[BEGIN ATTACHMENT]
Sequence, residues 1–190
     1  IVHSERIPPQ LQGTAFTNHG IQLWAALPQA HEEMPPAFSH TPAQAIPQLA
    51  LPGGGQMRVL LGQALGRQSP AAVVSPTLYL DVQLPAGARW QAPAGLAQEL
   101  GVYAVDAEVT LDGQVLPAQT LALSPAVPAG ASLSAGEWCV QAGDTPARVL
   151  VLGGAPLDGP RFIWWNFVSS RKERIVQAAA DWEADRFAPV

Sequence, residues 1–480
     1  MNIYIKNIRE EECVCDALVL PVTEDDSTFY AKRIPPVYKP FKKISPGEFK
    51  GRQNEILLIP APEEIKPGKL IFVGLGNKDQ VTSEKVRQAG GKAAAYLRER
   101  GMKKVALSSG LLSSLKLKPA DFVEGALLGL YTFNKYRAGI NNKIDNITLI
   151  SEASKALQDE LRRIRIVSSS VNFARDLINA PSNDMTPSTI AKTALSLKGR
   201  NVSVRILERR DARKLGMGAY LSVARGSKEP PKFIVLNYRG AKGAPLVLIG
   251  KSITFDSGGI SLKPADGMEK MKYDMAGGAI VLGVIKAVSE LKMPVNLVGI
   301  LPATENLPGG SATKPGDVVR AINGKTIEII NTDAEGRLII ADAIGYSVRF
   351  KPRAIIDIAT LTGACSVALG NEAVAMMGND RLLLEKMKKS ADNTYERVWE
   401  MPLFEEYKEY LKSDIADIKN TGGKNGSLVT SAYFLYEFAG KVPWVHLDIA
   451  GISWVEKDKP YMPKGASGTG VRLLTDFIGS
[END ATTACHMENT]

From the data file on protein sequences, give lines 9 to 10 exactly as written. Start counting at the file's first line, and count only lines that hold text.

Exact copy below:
   101  GMKKVALSSG LLSSLKLKPA DFVEGALLGL YTFNKYRAGI NNKIDNITLI
   151  SEASKALQDE LRRIRIVSSS VNFARDLINA PSNDMTPSTI AKTALSLKGR